Large Chested: (DD+): You may think you need cranes and scaffolding and unsexy bras for your boobs, but you are wrong. Don’t limit yourself to grandma’s Playtex bras. The right bra can make you a fucking bombshell, sister. You are not exempt from sexy lace. You are not exempt from colors. You are not exempt from contour and push-up bras. You should actually try them on and see how great they make your tits look. I’m for serious here. I AM ONE OF YOU. Now, you may think you need a minimizer, but you may not – get a good-fitting bra and you’ll look “proportional.” Minimizers reduce projection, but they can also squish the shit out of you and give you weird flat boobs. Try a balconette: it gives you a very modest cleave, but holds you up impressively, and creates a sexy line. Look for a soft-cup strapless bra with an underwire – something that will hold you in place and keep you comfy. Some brands make a “push-up” bra for larger chests – and design it so that it’s a minimal amount of padding in the right place for push-up. Try ‘em out. Brands to look for: Calvin Klein’s “Seductive Comfort” line (geared towards larger chests), Wacoal, La Mystiere, Felina, Olga’s Christina, Lilyette, Bali’s “Amazing Lift” bra (the only Bali bra I like), Cacique (especially good for 38+ band sizes, and very good at making COLORFUL SEXY BRAS in LARGE SIZES seriously what did I do before I met you, Cacique?), Lunaire. ALSO: figleaves.com for great selections of full-figure lingerie.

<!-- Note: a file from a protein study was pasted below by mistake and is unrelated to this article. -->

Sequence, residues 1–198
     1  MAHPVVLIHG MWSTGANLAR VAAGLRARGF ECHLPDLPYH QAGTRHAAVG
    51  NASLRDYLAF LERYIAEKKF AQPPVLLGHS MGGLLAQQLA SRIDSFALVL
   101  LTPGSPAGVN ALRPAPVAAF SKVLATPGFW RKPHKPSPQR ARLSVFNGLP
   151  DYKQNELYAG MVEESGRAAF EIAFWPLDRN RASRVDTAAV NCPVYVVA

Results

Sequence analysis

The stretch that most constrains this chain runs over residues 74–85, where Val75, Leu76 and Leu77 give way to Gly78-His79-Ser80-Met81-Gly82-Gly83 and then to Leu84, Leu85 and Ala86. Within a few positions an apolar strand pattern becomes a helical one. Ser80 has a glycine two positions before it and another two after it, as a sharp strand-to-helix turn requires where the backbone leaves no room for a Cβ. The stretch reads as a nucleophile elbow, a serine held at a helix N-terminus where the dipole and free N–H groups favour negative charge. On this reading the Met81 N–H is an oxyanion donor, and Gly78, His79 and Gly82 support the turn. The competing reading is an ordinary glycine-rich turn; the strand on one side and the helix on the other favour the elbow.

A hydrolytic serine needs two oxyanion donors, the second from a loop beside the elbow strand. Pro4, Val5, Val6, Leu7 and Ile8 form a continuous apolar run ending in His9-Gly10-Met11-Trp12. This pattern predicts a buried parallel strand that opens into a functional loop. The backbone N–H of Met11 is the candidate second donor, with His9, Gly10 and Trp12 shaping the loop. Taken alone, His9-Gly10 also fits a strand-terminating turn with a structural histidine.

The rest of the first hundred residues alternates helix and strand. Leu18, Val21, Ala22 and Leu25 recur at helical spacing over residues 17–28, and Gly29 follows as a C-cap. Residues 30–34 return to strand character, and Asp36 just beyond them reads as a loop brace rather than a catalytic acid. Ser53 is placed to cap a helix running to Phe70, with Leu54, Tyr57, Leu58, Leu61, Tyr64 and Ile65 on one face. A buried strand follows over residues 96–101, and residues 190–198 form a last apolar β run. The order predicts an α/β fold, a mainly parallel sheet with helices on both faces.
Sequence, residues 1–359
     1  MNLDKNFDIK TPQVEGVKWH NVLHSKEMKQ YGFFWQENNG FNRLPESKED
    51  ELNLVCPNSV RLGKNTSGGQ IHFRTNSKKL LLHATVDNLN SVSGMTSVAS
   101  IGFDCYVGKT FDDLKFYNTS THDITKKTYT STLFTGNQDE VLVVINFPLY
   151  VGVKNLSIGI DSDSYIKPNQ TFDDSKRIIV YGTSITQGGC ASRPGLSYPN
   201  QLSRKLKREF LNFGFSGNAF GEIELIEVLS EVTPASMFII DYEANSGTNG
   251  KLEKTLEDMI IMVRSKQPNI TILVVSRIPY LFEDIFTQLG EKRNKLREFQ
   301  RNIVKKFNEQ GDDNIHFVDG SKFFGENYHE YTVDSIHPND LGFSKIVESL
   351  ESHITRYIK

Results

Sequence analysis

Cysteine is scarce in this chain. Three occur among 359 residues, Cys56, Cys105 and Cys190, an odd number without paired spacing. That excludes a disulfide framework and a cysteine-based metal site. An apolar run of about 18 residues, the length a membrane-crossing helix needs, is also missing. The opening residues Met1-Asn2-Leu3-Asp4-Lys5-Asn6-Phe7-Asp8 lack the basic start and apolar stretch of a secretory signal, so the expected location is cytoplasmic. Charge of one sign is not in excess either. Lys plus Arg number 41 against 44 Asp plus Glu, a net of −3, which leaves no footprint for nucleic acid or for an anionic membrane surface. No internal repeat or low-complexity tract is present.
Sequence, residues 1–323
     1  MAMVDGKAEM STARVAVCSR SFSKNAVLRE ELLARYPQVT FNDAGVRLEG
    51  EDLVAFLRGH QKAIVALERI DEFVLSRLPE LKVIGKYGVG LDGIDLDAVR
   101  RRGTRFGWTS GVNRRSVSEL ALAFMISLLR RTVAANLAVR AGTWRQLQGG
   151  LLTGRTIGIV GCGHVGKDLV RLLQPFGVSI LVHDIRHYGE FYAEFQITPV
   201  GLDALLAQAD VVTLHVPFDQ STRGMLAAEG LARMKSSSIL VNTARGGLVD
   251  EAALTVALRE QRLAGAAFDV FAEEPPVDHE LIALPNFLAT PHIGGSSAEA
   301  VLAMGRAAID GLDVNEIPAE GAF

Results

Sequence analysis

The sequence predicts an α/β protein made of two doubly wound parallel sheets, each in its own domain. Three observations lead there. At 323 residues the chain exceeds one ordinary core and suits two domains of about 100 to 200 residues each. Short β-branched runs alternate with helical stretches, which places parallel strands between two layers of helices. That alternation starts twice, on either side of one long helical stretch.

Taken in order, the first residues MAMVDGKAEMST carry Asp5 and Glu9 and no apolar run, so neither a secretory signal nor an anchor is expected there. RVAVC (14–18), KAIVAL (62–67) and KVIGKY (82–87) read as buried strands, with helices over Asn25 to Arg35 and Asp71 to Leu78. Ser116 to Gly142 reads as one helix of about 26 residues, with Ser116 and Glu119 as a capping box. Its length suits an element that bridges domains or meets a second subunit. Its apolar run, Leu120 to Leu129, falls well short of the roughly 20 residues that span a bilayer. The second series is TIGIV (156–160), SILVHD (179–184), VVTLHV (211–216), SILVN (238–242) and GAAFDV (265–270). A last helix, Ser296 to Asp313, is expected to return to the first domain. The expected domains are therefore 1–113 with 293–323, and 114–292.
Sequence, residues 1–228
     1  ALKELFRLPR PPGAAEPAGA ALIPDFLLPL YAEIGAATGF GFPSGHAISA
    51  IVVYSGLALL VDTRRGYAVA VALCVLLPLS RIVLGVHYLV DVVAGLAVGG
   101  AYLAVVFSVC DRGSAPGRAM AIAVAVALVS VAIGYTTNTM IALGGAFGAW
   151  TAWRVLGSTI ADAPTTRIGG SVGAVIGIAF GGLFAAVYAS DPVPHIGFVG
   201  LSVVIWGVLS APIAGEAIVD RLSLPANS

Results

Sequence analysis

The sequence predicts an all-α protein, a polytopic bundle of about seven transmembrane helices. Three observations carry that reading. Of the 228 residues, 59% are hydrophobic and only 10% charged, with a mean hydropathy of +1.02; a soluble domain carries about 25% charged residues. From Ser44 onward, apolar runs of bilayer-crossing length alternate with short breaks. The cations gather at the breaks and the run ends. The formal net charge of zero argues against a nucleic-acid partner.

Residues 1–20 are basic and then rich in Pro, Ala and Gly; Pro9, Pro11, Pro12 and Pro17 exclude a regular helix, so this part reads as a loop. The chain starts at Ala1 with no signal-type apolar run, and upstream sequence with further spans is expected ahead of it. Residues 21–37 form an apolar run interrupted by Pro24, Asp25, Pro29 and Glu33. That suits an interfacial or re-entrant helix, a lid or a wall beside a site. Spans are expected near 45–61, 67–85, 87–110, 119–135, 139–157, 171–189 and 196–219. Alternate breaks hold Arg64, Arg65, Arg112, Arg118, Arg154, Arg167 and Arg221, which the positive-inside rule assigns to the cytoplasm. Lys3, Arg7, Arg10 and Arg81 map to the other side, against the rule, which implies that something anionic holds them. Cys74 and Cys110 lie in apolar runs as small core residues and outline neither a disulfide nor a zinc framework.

Final words of encouragement:

Bra shopping scares a lot of people because they have this idea that it’s only for Victoria Secret’s models. But you should not aspire to be one of these models-sexy, you should aspire to be you-sexy. Block these images from your mind when you try on bras. Shop with someone who makes you feel good about yourself – your best friend, for instance. Don’t be afraid to ask a salesperson for advice – technically, we’re supposed to be trained to be sensitive and supportive (Also, don’t be afraid to complain if you get shitty treatment). And most of us are not going to be horrified by any body-type, honestly. I’ve seen and helped thin women, fat women, women who have just given birth, women who have lost a lot of weight all of a sudden, women who have gained weight, women who have odd body quirks, old women, young women, middle-aged women... and so forth. And you know what? No one looks grotesque to me. No one. No, not even you. You want to know why? Because for the longest time, I thought the most grotesque body in the world was the one I’m walking around in everyday. And then I started seeing women regularly in their bras, and seeing a lot of body-types, and hearing them all say the same thing – “My body is so bad. It’s so awful.” And… not so much. Everyone thinks their own body is gross, but it’s just a body. It was after working as a bra girl that I realized that I’m probably not grotesque because, well, as far as I can tell, everyone thinks their body is grotesque – but they’re all wrong. So, I figured I was probably wrong too, and that’s when I began noticing that I was just fine. And so are you.